If you pay any attention to baseball news, by now you’ve heard that closer Aroldis Chapman was traded from the Yankees to the Cubs, in exchange for four Cubs players including one of their top prospects. You probably know that the Nationals were in the mix as well, and that they are disappointed they didn’t get him. And you almost definitely know about Chapman’s 30-game suspension for an incident of domestic violence in which he choked his girlfriend, shoved her up against a wall, and fired eight shots into the wall of his garage. He admitted to firing the shots, but has largely downplayed the incident. For Nats fans who care about what their players do off the field, the news that we didn’t get him came as a relief. He’s going to Chicago, he won’t be on our team, great, move on, that’s it.
Nats fans, that’s not it.
For one thing, the Nats wanted him. Dusty Baker has worked with him in the past in Cincinnati, and in fact made some pretty questionable comments defending him back in December when the news about the domestic violence case first broke. Even now that Chapman has admitted to at least some of the incident, including the gunshots, the Nats still went after him this month. The reason we don’t have to see Chapman wearing the Curly W tomorrow has nothing to do with his actions; it ultimately came down to the fact that the asking price was too high. Back in December, the Dodgers passed on him after getting close to a deal because they didn’t want to be associated with the domestic violence case. The Nats, and many other teams, clearly had no such qualms. From the team’s perspective, we didn’t dodge a bullet here - we missed out.
Many fans are claiming that since Chapman has served his suspension, the incident should no longer be an issue. Even his new manager doesn’t seem to be all that concerned. But simply serving a suspension does not erase the fact that Chapman clearly has problems with violence. The new MLB policy also includes treatment and intervention for players who have committed acts of domestic violence. However, Chapman’s continuing lack of demonstrated contrition shows that he has not yet reached a point where he understands why his actions were so wrong. Until he shows he has reached that point, fans and clubs have every reason to remain concerned about how he may act in the future - and in fact how he may be acting now behind closed doors, given the high rates of repeat offenses in domestic violence cases.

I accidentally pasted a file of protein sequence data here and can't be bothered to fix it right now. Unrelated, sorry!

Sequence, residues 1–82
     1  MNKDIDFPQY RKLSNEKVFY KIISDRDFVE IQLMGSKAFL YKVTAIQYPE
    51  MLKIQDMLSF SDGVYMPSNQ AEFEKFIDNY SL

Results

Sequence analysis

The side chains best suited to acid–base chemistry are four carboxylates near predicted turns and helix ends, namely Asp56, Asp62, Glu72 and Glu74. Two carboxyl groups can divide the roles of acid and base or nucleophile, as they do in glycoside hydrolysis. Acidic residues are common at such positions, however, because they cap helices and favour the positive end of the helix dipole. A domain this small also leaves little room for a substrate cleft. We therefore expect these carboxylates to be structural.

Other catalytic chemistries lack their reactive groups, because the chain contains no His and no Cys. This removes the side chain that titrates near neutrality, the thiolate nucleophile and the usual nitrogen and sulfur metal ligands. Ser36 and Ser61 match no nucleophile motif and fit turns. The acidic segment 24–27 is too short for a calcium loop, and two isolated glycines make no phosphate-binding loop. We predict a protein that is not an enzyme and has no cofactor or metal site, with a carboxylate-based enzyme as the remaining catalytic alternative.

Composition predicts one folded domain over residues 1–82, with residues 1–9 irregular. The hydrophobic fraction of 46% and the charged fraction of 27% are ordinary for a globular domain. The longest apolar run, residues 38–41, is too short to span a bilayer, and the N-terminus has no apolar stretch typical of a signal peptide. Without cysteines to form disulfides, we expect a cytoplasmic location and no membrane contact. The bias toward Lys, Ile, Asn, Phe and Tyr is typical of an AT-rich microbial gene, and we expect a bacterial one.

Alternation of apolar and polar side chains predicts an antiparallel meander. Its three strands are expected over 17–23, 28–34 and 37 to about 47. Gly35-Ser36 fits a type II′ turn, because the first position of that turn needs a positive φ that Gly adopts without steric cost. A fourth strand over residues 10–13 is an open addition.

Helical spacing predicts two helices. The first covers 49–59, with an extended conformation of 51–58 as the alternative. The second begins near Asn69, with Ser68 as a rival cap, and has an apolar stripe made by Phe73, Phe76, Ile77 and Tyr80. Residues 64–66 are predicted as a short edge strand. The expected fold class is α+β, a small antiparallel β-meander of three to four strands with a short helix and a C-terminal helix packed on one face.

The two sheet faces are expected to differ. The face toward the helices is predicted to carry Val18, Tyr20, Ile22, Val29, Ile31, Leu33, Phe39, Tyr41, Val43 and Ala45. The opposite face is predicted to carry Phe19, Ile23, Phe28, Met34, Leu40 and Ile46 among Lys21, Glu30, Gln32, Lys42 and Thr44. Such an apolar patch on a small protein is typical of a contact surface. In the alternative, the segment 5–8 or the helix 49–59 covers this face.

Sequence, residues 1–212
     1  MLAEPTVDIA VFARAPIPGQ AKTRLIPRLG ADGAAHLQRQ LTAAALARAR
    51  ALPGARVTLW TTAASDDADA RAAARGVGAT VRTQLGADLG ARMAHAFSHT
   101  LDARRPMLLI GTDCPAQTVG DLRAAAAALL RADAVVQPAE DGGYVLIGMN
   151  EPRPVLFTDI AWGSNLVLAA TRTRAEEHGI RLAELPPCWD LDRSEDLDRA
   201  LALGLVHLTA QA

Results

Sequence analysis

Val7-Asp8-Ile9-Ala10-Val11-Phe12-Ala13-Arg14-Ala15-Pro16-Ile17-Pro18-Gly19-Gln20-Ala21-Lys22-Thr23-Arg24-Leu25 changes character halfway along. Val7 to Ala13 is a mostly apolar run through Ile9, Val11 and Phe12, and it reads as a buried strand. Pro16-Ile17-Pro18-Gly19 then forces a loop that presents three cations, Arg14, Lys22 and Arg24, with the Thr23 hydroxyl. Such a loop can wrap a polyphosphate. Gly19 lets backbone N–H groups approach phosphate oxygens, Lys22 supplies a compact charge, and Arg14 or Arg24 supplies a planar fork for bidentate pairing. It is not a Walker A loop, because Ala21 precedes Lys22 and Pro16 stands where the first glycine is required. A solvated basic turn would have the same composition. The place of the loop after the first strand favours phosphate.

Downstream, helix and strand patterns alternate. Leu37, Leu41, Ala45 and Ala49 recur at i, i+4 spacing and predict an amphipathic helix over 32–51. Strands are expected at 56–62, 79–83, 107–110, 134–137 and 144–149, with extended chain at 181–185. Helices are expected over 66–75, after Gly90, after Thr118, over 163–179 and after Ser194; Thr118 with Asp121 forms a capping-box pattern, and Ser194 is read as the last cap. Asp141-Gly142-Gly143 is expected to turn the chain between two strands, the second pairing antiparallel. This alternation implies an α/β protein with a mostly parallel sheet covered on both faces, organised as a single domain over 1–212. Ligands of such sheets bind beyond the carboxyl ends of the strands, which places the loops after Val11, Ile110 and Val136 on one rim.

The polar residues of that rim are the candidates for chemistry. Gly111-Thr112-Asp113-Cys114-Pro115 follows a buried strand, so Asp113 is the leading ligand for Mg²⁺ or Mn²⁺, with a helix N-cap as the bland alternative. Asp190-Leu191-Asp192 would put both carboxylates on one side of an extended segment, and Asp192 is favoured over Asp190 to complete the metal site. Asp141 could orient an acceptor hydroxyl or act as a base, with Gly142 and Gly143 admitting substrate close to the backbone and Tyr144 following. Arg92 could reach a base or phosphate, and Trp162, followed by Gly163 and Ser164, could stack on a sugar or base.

But he’s playing for the Cubs now, so why do we care?
Because this is a problem that exists all across baseball, and throughout professional sports. José Reyes is playing for the Mets in our own NL East. He was given a hero’s welcome by the team and by many fans and reporters after the Mets obtained him at a discount following his suspension for grabbing his wife by the throat and shoving her into a glass door. Oh, but those are just Mets fans, right? They’re all jerks anyway. Nats fans would never act like that… Or would we? We want to win a World Series title as much as anybody. It’s amazing what people will forgive in the name of winning a game.
So what can we do? He’s not on our team. We don’t work for Major League Baseball. Where do we start? A few basic suggestions:
-Speak out. Many reporters and other sports-related personalities are downplaying the issue. Use social media, article comments, and other methods of feedback to respectfully but firmly let them know that what they’re doing is unacceptable.
-Do the same with your friends. Domestic violence as an issue is handled poorly by many otherwise well-meaning people (see above re: the quotes from Dusty). It may be easier to let comments slide. But silence is compliance. Whenever you can, try to start a conversation about it instead. You might not change everyone’s mind, but that doesn’t mean you can’t change anyone’s.
-If you are able, consider donating to your local domestic violence-related charities. Here are some ideas for national organizations that accept donations. Some of them are looking for objects other than money, such as used cell phones.
-Elevate the voices of survivors of domestic violence, as well as those sports reporters who are writing about the issue constructively (some of whom are domestic violence survivors themselves). Players such as Josh Donaldson who grew up with the effects of domestic violence and have spoken about their experiences are crucial here as well.
-Don’t stop talking about it just because Chapman won’t be wearing a Nats uniform any time soon. It’s tempting to let it go - out of sight, out of mind, right? Don’t. We can do better than that. We need to do better than that.
If you have feedback or questions, please contact us through the ask box, on Twitter, or via email. This is a sensitive issue, so we welcome commentary and criticism that is presented respectfully. Deliberately inflammatory comments will be ignored. This was originally posted at the Resting Pitchface Tumblr.